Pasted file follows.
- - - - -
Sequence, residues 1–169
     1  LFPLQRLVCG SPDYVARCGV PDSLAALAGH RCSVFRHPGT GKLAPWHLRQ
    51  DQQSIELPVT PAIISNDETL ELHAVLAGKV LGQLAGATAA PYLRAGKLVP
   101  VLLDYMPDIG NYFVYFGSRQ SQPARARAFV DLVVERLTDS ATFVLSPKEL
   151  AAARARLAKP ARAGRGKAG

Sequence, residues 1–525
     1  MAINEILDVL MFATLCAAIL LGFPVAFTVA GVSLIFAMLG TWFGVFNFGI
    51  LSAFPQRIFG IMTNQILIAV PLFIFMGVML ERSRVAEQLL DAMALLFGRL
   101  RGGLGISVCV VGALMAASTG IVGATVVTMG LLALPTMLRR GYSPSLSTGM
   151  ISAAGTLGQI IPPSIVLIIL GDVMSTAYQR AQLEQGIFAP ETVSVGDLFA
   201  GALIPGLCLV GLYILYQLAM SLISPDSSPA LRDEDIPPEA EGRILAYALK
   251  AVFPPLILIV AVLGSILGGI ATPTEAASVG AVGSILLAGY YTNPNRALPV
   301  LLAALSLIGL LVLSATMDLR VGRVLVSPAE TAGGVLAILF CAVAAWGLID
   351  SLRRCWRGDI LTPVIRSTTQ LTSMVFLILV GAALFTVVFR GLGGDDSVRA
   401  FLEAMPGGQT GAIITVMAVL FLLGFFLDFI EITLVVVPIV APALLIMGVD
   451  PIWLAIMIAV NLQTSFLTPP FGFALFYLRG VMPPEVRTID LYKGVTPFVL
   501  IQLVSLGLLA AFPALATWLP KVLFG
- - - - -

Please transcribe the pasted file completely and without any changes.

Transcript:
Sequence, residues 1–169
     1  LFPLQRLVCG SPDYVARCGV PDSLAALAGH RCSVFRHPGT GKLAPWHLRQ
    51  DQQSIELPVT PAIISNDETL ELHAVLAGKV LGQLAGATAA PYLRAGKLVP
   101  VLLDYMPDIG NYFVYFGSRQ SQPARARAFV DLVVERLTDS ATFVLSPKEL
   151  AAARARLAKP ARAGRGKAG

Sequence, residues 1–525
     1  MAINEILDVL MFATLCAAIL LGFPVAFTVA GVSLIFAMLG TWFGVFNFGI
    51  LSAFPQRIFG IMTNQILIAV PLFIFMGVML ERSRVAEQLL DAMALLFGRL
   101  RGGLGISVCV VGALMAASTG IVGATVVTMG LLALPTMLRR GYSPSLSTGM
   151  ISAAGTLGQI IPPSIVLIIL GDVMSTAYQR AQLEQGIFAP ETVSVGDLFA
   201  GALIPGLCLV GLYILYQLAM SLISPDSSPA LRDEDIPPEA EGRILAYALK
   251  AVFPPLILIV AVLGSILGGI ATPTEAASVG AVGSILLAGY YTNPNRALPV
   301  LLAALSLIGL LVLSATMDLR VGRVLVSPAE TAGGVLAILF CAVAAWGLID
   351  SLRRCWRGDI LTPVIRSTTQ LTSMVFLILV GAALFTVVFR GLGGDDSVRA
   401  FLEAMPGGQT GAIITVMAVL FLLGFFLDFI EITLVVVPIV APALLIMGVD
   451  PIWLAIMIAV NLQTSFLTPP FGFALFYLRG VMPPEVRTID LYKGVTPFVL
   501  IQLVSLGLLA AFPALATWLP KVLFG